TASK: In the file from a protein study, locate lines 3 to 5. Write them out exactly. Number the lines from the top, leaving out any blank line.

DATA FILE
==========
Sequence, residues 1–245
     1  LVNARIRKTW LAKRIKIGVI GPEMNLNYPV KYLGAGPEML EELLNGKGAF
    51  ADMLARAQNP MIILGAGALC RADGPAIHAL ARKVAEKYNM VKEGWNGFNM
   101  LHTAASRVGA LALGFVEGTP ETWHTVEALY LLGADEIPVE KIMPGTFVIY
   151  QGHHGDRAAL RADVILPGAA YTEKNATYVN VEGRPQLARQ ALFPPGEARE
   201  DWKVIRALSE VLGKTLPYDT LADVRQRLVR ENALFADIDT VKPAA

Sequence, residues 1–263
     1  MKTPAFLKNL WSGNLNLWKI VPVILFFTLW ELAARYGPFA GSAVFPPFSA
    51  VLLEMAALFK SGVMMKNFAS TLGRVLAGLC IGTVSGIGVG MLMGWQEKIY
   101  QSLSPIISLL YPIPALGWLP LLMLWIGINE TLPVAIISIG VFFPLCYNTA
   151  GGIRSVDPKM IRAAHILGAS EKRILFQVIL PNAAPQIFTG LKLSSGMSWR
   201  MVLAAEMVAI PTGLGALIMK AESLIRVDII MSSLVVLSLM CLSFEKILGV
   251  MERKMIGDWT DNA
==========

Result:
    51  ADMLARAQNP MIILGAGALC RADGPAIHAL ARKVAEKYNM VKEGWNGFNM
   101  LHTAASRVGA LALGFVEGTP ETWHTVEALY LLGADEIPVE KIMPGTFVIY
   151  QGHHGDRAAL RADVILPGAA YTEKNATYVN VEGRPQLARQ ALFPPGEARE